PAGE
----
Lieberman is not directly involved in the talks between the two sides, but his comment countered a more optimistic evaluation from his U.S. counterpart, Secretary of State John Kerry, who said this week "we are closer than we have been in years in bringing about the peace and prosperity and security that all the people in this region deserve and have been yearning for."
"We are at a dead end," Lieberman said.
"There may have been something dramatic that I don't know about," he said. "My feeling is that there is great desire but I don't think it's possible. It is not easy to bridge the gaps. We are not even close to a deal, not even an interim one. That is my estimate."
Lieberman expressed skepticism the two sides had done enough to create the trust necessary to hold credible peace negotiations, Ynetnews reported Saturday.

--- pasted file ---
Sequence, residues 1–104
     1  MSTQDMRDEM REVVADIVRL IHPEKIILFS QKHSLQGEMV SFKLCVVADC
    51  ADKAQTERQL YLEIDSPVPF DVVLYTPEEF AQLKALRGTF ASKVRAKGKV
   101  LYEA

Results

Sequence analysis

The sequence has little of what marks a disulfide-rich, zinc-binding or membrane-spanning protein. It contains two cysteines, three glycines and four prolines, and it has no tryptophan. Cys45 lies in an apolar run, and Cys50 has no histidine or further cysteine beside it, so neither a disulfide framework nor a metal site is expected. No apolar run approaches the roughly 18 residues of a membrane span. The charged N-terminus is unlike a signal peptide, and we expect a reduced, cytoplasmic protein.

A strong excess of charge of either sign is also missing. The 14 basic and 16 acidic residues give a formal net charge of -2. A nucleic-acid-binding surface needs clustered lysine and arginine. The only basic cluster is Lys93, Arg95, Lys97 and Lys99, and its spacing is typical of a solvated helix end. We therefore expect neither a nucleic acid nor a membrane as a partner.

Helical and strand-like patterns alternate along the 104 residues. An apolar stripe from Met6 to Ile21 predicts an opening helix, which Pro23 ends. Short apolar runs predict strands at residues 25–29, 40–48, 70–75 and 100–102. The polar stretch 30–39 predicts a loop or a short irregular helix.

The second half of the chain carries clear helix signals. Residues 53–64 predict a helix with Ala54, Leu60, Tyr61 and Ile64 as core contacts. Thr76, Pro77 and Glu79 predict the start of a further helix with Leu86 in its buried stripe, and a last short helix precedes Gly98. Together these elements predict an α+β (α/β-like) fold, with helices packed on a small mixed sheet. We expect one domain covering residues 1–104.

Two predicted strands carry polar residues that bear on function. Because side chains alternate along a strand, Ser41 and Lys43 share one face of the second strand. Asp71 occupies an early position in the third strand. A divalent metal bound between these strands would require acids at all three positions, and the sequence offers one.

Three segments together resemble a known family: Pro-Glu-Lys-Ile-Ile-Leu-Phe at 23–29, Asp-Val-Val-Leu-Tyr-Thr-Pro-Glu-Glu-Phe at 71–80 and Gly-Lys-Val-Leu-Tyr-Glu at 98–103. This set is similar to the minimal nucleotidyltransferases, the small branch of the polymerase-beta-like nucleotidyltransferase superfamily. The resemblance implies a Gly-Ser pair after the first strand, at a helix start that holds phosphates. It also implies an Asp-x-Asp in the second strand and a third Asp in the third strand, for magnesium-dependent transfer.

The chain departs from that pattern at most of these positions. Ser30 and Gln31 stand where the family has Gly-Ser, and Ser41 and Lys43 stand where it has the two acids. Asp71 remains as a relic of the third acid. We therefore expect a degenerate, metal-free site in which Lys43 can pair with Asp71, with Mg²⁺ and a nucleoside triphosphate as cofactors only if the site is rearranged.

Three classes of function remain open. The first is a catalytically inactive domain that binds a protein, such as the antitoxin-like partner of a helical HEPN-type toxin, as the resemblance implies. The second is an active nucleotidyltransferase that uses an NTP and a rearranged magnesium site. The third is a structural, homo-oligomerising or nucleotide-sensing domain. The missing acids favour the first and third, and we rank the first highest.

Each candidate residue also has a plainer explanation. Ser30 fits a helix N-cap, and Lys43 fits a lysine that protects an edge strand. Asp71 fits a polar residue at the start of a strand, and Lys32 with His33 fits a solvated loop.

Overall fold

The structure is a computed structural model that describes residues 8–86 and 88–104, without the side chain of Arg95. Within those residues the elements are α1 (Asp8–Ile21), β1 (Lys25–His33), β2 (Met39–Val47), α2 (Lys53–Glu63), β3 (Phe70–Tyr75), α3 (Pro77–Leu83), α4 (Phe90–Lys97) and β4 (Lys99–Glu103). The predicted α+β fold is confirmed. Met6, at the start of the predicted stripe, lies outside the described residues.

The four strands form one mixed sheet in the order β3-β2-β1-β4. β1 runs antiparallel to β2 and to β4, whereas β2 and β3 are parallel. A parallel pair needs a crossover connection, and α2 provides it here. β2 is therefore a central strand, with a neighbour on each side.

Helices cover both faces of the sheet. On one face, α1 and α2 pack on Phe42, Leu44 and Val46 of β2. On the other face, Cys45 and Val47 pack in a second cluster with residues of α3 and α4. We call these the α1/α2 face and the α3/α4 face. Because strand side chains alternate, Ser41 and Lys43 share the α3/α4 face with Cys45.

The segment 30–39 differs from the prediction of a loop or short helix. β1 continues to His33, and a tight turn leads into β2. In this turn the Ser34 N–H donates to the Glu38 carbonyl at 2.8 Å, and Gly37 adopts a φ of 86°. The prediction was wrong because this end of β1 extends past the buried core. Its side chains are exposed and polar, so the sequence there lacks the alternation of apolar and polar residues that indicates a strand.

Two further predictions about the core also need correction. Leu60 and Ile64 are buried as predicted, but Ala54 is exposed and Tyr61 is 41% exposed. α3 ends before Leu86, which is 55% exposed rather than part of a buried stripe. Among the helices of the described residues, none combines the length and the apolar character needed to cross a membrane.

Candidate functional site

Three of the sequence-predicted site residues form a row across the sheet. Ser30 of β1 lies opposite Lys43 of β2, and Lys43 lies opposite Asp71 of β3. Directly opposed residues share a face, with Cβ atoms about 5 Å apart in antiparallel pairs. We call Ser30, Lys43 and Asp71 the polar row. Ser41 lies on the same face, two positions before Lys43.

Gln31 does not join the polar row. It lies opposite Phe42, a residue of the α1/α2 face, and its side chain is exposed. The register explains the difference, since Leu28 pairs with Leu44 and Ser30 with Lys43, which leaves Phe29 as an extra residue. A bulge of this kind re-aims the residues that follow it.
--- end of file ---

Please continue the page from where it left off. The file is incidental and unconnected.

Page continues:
He said trust must be established before more concrete issues such as security concerns and the right of return for Palestinians.
"[Start with] something simple like trust and reliability," Lieberman said. "The trust between the two sides is non-existent. It is hard to make peace when you don't believe the other side."
Kerry and Lieberman are scheduled to meet Sunday in Washington.